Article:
This is our site and we do what we want! Sure, I introduced you to the great new “Feel It Disappearing” single from Monnone Alone a few weeks ago, but I wanted to remind you of its pull by sharing this brand new video version of the tune! It’s also in my Top 10 songs of 2021 right now; I think I have it at the No. 4 spot. You get some great images of Mark traversing the wild, socially distanced of course, not to mention some additional flare added in by director Simon Fazio. Still claiming that hook at the 2:17 mark might be one of my favorite 10 second pop nuggets of the year, period. Don’t you agree? Whatever. This song rips. This song appears on the forthcoming Stay Foggy LP (and on a 7″ too) available via Lost and Lonesome and Emotional Response.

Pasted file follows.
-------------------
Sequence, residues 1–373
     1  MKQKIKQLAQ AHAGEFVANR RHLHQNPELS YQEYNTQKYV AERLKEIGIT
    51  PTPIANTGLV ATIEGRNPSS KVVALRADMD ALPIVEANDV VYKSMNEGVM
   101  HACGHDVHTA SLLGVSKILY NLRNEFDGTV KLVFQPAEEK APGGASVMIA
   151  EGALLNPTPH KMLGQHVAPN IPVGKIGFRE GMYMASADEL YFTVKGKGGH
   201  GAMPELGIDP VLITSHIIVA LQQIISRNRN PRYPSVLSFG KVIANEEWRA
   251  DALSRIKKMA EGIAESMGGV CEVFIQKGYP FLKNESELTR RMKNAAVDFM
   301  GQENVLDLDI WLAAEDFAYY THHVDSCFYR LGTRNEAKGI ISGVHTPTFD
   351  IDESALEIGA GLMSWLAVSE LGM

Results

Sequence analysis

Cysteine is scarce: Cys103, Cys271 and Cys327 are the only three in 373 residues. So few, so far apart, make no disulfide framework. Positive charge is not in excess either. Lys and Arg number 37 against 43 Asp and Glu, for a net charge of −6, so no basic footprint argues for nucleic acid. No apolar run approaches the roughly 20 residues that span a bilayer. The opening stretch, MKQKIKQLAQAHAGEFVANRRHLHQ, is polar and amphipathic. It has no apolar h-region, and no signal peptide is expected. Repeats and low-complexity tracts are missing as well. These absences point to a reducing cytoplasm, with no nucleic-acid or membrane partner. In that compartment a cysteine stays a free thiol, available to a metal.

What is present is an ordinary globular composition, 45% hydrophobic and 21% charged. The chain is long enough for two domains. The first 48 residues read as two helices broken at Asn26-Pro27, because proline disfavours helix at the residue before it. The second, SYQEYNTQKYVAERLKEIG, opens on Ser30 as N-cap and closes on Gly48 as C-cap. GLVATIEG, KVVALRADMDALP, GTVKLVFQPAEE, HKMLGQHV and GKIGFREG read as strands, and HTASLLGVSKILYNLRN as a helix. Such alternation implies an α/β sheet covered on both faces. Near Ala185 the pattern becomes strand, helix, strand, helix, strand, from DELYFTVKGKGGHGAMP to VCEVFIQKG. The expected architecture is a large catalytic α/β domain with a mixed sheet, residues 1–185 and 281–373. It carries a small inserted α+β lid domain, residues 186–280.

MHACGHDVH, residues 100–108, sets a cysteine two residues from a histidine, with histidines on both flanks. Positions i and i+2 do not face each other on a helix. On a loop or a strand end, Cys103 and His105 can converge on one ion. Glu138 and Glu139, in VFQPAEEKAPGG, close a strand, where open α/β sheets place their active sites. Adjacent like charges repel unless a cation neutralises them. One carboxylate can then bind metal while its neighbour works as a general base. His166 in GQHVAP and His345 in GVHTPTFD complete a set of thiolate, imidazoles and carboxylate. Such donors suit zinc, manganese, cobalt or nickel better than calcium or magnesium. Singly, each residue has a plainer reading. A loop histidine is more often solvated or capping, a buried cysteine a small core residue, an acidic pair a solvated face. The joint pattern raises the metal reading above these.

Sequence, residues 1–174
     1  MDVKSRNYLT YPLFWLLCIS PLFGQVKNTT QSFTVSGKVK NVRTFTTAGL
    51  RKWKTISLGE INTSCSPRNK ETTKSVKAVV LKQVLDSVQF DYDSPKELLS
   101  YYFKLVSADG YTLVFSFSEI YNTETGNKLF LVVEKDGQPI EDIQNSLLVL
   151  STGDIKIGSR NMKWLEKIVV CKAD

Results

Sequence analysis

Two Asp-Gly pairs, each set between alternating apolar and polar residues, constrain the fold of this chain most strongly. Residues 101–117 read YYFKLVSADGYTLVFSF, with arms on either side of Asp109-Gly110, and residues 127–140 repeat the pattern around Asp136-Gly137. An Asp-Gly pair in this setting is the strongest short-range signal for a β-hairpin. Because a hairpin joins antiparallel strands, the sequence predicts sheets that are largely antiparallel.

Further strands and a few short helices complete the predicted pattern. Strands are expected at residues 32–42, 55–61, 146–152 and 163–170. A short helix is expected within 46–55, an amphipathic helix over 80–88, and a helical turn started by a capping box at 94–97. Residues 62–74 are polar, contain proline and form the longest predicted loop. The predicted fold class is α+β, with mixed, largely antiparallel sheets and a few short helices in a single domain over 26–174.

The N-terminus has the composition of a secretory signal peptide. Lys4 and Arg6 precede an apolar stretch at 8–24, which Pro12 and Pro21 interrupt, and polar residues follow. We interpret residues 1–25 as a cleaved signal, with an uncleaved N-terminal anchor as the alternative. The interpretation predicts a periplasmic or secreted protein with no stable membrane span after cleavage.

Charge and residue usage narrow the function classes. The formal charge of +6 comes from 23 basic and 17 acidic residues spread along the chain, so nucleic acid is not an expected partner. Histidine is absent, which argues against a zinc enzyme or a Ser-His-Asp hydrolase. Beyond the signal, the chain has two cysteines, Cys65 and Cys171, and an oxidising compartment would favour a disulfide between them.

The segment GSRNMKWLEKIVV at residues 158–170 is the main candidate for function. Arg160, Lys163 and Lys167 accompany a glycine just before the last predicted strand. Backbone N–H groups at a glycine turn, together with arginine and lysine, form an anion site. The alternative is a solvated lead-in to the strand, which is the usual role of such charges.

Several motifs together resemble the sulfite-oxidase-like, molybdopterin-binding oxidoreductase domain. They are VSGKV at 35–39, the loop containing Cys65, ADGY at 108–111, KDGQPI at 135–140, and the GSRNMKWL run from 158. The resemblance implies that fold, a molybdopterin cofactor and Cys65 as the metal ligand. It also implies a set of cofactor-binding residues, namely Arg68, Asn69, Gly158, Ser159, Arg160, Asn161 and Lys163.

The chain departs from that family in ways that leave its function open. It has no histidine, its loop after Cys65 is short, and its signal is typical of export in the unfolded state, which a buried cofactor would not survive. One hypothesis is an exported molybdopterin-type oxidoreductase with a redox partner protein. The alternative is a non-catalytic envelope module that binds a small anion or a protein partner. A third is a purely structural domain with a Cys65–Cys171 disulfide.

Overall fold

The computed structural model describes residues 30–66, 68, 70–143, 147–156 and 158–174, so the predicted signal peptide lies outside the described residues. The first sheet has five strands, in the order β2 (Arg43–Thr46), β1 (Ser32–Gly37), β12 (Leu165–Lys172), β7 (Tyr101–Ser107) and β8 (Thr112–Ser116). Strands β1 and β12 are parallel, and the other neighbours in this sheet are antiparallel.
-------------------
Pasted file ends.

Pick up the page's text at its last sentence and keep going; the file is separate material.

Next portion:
It doesn’t seem like Summer of the Mosquito was released almost 2 years ago! Alas, Mark Monnone, formerly of the Lucksmiths, is at it again with a brand new 7″ under his Monnone Alone moniker, and hinting at an LP later in the year! Feuding guitar sounds open the tune, one bringing in fuzzy edges and the other a light-hearted beach stomp, giving off this sort of bewildering pop sensibility. And, while I love the steadfast pop quality, I think the true winner here is Mark’s vocal performance; he doesn’t seem to miss a note, almost as if he’s singing at some beachside lounge resort, making all the kids scream and swing about as they spill their Mai-Tais in the sand. You want to take a bite out of some truly great pop music? Then give this one about 12-13 spins; I know I certainly have. Like the Beach Boys, but honestly, better. The 7″ is out at the end of March via Lost and Lonesome/Emotional Response/Meritorio/Royal Mint. Here I go skipping down the hallways of our school screaming and bouncing “I’m going to lose my mind!”